I would never expect a totally harmonious flow of conversation all the time with anyone. There are always new things to learn. To me, interpersonal harmony -- on a more than superficial level -- can only be something that grows slowly as I and another person deepen our mutual understandings of each other.

Teach51 wrote:
I am here to learn tools in order to connect with him and my aspie friends on middle ground. Does any of this make sense?

Have you looked into the communication methodology known as "Nonviolent Communication" (NVC)?

I'll post more of my thoughts later, perhaps in a few days from now, about NVC and other related communication methodologies.


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JustFoundHere
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27 May 2019, 11:25 pm

** Is there a moderator here on WrongPlanet?? **



quite an extreme
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28 May 2019, 12:20 am

JustFoundHere wrote:
To clarify: I was asking about a general geographic region; as well as this region's awareness of HFA. I do not care about personal lives.


Sorry, then I got you wrong. For me it sounded just a bit aggressive towards her because of her interest. I know that it's sometimes quite hard to express things in a way that people don't get wrong. I have to struggle myself with this problem too. (Especially in English :wink:)


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28 May 2019, 2:11 am

JustFoundHere wrote:
** Is there a moderator here on WrongPlanet?? **

Yes there are moderators here. Read the rules for each sub-forum, and then you can click the "Report" button for any post that offends you and is in violation of the rules.

Why do you ask? Is anything wrong?

Do you feel that the discussion between Teach51 and me about her relationship with her boyfriend is derailing your thread? If so, say so, and we can move it to a separate thread.


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28 May 2019, 5:45 am

JustFoundHere wrote:
quite an extreme wrote:
JustFoundHere wrote:
Where are you from? What is the overall awareness regarding what's helpful for adults with HFA?

Stop this! She has an relationship to a guy on the spectrum and wants to understand the ways that he is.
And she is nice and honest enough to tell about herself and the way that most NT women feel towards guys who lack deep empathy:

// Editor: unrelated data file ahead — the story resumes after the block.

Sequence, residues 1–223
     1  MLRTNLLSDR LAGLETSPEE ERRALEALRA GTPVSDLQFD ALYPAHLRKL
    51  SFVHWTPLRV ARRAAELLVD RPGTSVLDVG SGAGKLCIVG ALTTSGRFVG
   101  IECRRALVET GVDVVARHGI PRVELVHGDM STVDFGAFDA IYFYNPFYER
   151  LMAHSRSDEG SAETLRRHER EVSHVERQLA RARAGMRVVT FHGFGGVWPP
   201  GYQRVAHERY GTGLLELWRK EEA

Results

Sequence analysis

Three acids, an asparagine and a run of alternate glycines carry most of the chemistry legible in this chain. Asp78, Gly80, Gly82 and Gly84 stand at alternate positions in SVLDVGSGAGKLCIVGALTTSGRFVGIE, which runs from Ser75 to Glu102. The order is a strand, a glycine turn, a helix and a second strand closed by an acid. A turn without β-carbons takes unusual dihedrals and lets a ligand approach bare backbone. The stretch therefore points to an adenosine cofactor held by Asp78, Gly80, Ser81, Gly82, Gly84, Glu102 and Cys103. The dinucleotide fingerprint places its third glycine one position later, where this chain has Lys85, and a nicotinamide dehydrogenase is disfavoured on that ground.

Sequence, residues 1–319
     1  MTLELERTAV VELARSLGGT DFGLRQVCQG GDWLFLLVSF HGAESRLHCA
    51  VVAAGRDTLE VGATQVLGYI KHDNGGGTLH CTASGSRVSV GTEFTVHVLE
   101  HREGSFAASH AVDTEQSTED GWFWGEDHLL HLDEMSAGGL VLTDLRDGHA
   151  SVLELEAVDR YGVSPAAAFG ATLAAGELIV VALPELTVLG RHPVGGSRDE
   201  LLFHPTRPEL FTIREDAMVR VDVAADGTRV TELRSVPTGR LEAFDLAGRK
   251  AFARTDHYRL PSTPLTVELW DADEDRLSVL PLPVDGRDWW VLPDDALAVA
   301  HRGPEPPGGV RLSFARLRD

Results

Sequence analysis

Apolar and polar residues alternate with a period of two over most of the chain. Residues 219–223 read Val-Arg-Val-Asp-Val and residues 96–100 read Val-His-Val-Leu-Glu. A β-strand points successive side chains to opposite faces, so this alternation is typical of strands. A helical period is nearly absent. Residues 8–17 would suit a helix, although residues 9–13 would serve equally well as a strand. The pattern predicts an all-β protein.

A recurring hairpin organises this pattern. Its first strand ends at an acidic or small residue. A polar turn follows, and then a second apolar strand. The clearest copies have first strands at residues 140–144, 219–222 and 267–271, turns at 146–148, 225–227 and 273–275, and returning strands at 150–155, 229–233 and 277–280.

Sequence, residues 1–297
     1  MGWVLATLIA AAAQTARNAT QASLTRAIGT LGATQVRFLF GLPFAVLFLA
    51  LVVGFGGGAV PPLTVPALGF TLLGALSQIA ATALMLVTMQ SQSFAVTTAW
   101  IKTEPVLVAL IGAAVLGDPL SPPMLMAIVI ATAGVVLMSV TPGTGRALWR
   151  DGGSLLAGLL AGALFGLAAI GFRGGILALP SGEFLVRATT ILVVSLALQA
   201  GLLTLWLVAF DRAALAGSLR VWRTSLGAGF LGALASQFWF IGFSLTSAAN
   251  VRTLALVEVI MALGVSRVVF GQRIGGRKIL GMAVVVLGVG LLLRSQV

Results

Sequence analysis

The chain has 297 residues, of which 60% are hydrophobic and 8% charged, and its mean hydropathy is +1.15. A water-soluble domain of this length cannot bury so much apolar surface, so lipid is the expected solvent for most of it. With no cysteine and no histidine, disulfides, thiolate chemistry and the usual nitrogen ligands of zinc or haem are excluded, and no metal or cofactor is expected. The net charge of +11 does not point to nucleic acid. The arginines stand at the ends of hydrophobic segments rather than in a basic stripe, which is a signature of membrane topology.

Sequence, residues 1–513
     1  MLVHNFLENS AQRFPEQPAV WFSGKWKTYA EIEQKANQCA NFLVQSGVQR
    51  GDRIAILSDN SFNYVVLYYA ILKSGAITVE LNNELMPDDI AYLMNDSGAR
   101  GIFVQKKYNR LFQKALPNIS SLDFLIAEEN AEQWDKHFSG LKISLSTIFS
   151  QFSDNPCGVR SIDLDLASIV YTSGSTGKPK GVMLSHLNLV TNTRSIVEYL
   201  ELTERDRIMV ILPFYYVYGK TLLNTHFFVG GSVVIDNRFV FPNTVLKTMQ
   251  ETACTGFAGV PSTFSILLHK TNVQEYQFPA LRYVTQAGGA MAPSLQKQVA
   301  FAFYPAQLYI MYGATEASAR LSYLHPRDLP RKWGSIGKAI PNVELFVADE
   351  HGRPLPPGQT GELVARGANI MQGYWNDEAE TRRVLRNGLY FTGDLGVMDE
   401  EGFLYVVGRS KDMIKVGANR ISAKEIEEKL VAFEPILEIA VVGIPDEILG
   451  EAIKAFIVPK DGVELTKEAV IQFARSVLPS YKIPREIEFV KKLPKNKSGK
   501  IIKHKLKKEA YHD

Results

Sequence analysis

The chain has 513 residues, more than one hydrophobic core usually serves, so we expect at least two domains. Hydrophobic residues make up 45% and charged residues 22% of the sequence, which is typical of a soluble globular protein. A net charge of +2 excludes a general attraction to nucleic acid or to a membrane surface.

Teach51 wrote:
I feel as though he cannot see me at all. The whole construct of his conversation is alien to me. ... I am beginning to fathom that it is not the aspies desire to win the debate or negate me but rather a deep respect and dedication to accuracy and for fact. These are not important to me at all in a conversation,( horrendous I know) I care about closeness, intimacy, sharing of information at an emotional level to break out of the encapsulation of self that separates human beings. That is my primary objective in social situations. The sharing of info is my secondary objective. When my guy ignores the emotional aspect of my words in favour of accuracy of content I feel annulled and silenced.


To clarify: I was asking about a general geographic region; as well as this region's awareness of HFA. I do not care about personal lives.



I live in Israel. There is a very high awareness of HFA and virtually no stigma attached or negative response. Many aspies work here in Cyber Intel and Hi Tech innovation, we are in some respects a nerdy country though these nerds also serve in the IDF. Israel is a multi cultural and dynamic country and because of our history we have many people close to us who have been disabled in combat or terrorist attacks or psychologically damaged in the holocaust. We are a very small country so there is a sense of the whole country being one extended family, we all help each other out. I think because of the strong sense of collective responsibilty and our drive to find solutions rather than stick in the problem, great efforts are made to integrate HFA into society and the work force and emphasise the assets and skills rather than the disabilities. Military service is compulsory for all here. There is a special program for autistic soldiers with an adapted basic training to accomodate their special needs. They are closely supervised by social workers and psychologists, this a voluntary program obviously. Ultimately this keeps these guys and gals in the same social environment as their NT peers and they are channeled into areas that give them self esteem and confidence with skills that can be implemented in civilian life. Many go into military intelligence units or radio communications, cyber security etc.

I am teaching a student presently who receives a 100% disability benefit but has volunteered to do his army service. He sleeps at home every day and basically is learning how to adapt to a productive work environment with rigid discipline together with a great sensitivity to his needs.
HFA kids in mainstream schools have a personal assistant in the classroom, in addition to the teacher. They usually are not the king or queen of the class but the environment is on the whole one of acceptence of diversity. Our society truthfully works harder to improve life for the autistic community than the government. Most changes and support are brought about through voluntary organisations, our young people are very vigilant about promoting awareness for acceptance of the "diverse". There is also a marathon organised by guys who have finished their army service where they "big brother" kids on the spectrum and they train together and run the marathon as a team effort. They have enormous fun.